On Tuesday, January 23, the Academy hit us with its 2018 Oscar nominations.
As with any group of nominations, there were some questions and we have answers. My friends Rachel Casey, Justin Harris and Maddie Weiner joined me to sort out our thoughts.
Unfortunately, I believe all of us were stone cold sober while thinking about this. Send your own answers to these questions to @StrangerBeers on Twitter!
Which performance nomination character would you like to drink with?
Rachel: Lesley Manville as Cyril Woodcock in Phantom Thread. I spent a long time considering Allison Janney as Tonya Harding’s mother, LaVona, in I, Tonya because I always get a kick out of cruel criticism of my personal faults when I’ve had a few drinks. Ultimately, I decided that LaVona’s natural state is day drunk and I’m not sure I want to bring that sort of darkness into my Friday night. Cyril, on the other hand, is exactly the kind of cynical drinking partner I’m looking for. She spends half of her time managing a profitable business and the other half of her time managing Daniel Day-Lewis, so I am ready to be her tipsy confidant. We can both complain about how ridiculous men are and then belt out “Love is a Battlefield.”
Justin: My first answer woulda been James Franco aka Tommy Wiseau aka Johnny. “You must be crazy, I cannot drink this!” he’d say as I handed him his first pint. “Ha-ha-ha-ha.” To which I’d respond, “If you love me Johnny, you’ll drink this,” and we’d proceed to get hamdogged. As we get more and more greased up, I’d ask what it’s like to wear a dong sock and how his body looks both incredibly chiseled and also like it’s going through a weird form of existential decay. But alas, Franco wasn’t nominated, probably because he’s a piece of shit to women, so fuck you James, stop being a piece of shit. Next would be Daniel Kaluuya, who plays Chris in Get Out. After what Chris goes through, that dude could for sure use a beer and I’d be happy to buy it for him. I’d also be holding out hope that he’d bring his boy Rod, aka Lil Rel Howery, with him.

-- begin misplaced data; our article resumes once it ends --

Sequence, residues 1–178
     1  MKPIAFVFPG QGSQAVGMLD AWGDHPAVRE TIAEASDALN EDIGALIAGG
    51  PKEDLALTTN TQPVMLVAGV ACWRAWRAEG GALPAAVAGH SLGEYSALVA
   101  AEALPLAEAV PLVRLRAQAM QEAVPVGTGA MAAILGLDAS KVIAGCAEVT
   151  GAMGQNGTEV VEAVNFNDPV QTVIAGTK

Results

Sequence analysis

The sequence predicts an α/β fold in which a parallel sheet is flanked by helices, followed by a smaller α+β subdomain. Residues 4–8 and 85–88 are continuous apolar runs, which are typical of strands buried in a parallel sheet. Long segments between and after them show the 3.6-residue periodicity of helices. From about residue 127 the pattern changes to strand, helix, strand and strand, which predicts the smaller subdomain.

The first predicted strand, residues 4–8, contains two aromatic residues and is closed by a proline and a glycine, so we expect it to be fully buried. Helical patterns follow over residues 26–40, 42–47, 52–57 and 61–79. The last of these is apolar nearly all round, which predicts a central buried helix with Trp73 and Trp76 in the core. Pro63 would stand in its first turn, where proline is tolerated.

Maddie: The Fish Man from Shape of Water!! Oh, wait, he wasn’t nominated. Of the performances I’ve seen, I think I’d probably most like to drink with Elio from Call Me By Your Name and Lady Bird just so I can give them some life advice and be their cool older mentor. I still haven’t seen Phantom Thread, but Cyril Woodcock seems like she’d be fun to drink with, too.
Jonathan: Let’s break this down. More important than the one person I’d like to drink with are the many I want nothing to do with. Robbie’s Tonya Harding? No. Rockwell’s Dixon? C’mon. Day-Lewis’ Woodcock? FOH. Some meh options too. Lady Bird? Underage. Her mom? Condescending. Think I’m going with Octavia Spencer’s Zelda Fuller. She seems fun and outgoing, and would likely spend most of our time roasting her coworkers. Also curious what else is going on in those labs?
What is your safest bet for an Oscar winner?
Rachel: Coco. I haven’t even seen the movie, but if there is one thing I know it’s that Pixar can do no wrong with Oscar voters. It’s hard to remember the last time a Pixar movie didn’t get a nomination (other than 2015’s juvenile The Good Dinosaur), and with the studio’s resurgence of quality original content it’s hard to bet against it. Although it is heartening to see movies like Loving Vincent and The Breadwinner get the recognition they deserve, I don’t see anyone other than Coco walking away with Best Animated Feature.